2019 has not been a great year for pot stocks. With scandal, supply issues, and regulatory uncertainty dragging down some of the industry’s biggest names, we look at some small-cap pot stocks that might have gone under the radar amid the bigger picture problems facing cannabis companies.
With the passage of legalization 2.0 last month setting the market up for the arrival of highly-anticipated products such as vapes, edibles, and infused beverages, 2020 could be the year that we finally see the “green rush” that investors and cannabis companies have been eagerly awaiting. These products are expected to bring in over three million new customers to Canada’s cannabis market, and you can expect to see them hit shelves across the country by mid-December, once the necessary paperwork is processed.
Let’s take a look at the small-cap pot stocks catching our eye in the new year:
Namaste Technologies (TSXV:N) (OTCQB:NXTTF)
Like all pot stocks in the first year of legal cannabis, Namaste has encountered its fair share of troubles. The dismissal of former CEO Sean Dollinger back in February for alleged securities fraud rocked the company’s stock, but after a summer slump, the company appointed interim CEO Meni Morim to the role on a permanent basis and under his leadership, Namaste Technologies looks to have finally turned a corner.
Namaste operates over 30 websites across 20 different countries. Its flagship Canadian site, CannMart, has everything that the expected three million new 2.0 consumers will be looking for. From an already available wide range of vapes to Namaste’s expansion into edibles following its 49% acquisition of Choklat, CannMart looks well stocked up to meet all the demands of the 2.0 market.
Last week, the e-commerce cannabis company reported solid Q3 earnings, which saw consolidated revenue of $3.8 million CAD despite the closure of several underperforming websites, highlighting Namaste’s ability to generate revenue from alternative sources. Namaste stock is currently trading at just $0.37, which looks like a really good opportunity ahead of the 2.0 market.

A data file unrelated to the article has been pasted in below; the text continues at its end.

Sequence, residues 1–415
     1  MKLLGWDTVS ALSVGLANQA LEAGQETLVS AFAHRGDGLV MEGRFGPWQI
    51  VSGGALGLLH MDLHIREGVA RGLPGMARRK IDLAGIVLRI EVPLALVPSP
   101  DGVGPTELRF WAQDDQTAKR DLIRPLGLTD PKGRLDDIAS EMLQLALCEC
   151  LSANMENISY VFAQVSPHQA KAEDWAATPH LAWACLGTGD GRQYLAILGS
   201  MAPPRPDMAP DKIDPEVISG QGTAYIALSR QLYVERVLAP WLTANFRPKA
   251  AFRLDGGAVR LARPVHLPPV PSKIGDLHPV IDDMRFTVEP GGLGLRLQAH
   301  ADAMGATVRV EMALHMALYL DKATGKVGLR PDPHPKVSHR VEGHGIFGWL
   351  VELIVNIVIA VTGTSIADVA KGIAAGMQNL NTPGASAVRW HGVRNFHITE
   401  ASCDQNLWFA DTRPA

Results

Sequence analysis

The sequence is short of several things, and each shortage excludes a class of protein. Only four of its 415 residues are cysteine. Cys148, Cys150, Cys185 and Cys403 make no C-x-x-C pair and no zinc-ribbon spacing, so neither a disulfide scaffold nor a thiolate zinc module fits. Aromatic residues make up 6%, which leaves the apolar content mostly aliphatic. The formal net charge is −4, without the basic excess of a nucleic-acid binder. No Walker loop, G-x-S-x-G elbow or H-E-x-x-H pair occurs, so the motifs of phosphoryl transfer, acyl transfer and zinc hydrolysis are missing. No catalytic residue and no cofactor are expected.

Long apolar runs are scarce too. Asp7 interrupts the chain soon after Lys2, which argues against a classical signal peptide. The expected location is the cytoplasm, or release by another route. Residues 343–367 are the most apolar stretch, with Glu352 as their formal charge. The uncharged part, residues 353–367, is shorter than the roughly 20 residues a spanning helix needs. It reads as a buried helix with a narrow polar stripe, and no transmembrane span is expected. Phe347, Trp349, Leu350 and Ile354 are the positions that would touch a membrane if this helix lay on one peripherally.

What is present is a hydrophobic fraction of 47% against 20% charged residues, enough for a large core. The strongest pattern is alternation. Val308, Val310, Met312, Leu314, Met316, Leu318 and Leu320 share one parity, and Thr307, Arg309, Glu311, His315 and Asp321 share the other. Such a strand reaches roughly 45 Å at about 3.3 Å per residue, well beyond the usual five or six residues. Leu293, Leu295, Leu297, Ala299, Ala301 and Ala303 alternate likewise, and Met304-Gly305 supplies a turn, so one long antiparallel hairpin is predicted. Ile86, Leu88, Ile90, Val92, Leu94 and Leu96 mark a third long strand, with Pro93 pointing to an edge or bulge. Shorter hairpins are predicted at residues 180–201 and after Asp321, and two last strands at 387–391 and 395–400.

Aleafia Health Inc (TSX:ALEF) (OTCQX:ALEAF)
Aleafia is yet another company that failed to come through the first year of legalization unscathed. After hitting a peak of $2.77 in February, Aleafia Health lost over 70% of its value as it sank to a year-low last week. However, while most pot stocks tanked under the pressure of the struggling industry, Aleafia’s shares were largely driven down by a stock dilution in March that funded its $173 million CAD takeover of Emblem.
As an investor, don’t look at that 70% decline as an indication of a poorly performing company, but rather as a bargain opportunity for one of the stronger cannabis companies on the market. In August, the company reported a revenue increase of 159% from the previous quarter with CEO Geoffrey Bernic claiming, “the best is yet to come.” Following the completion of its flagship facility in Paris, Ontario, hailed as “The Crown Jewel” of Aleafia Health’s operations, the company now has a production capacity of 115,000 kilograms and is expected to turn profitable in Q3.
Valens GroWorks Corp (TSXV:VGW) (OTCQX:VGWCF)
Valens is perhaps the most intriguing pot stock on this list. While its counterparts tanked in line with the prevailing industry trends, VGW stock has more than doubled in value since the beginning of the year. Also, unlike the other companies on this list, Valens specializes in cannabis extraction services and is one of the two leading companies in the country in this field, which is pivotal in the production of 2.0 products.
The company has penned a number of agreements that highlight the value of its service in the 2.0 market. The first of these was an expansion on its agreement with Tilray (NASDAQ:TLRY), which will see the extraction company process 60,000 kilograms of hemp biomass, a 300% increase on the previously agreed figure of 15,000 kilograms. That’s a lot of business for Valens GroWorks. Then in September, it became the first third-party cannabis company to sign a deal with Shoppers Drug Mart to sell its range of oil-based products across Shoppers’ 1,300 stores.
In its most recent earnings report, Valens posted net income of $5.9 million CAD, after suffering a net loss of $10.5 million CAD in the previous quarter, which is quite the turnaround. Revenue also increased to $16.5 million CAD, an 87% rise over the second quarter, and a 641% increase from Q1. VGW stock is currently trading at $2.87, but don’t expect it to hover around that cheap for much longer.
So, that’s our two cents on some of the most alluring small-cap pot stocks on the market. While it remains unclear if legalization 2.0 will completely upheave the cannabis market as much as many investors and analysts believe, there is no doubt that 2020 will be a busy year indeed for the cannabis market. What do you think?
Featured Image: DepositPhotos © MysteryShot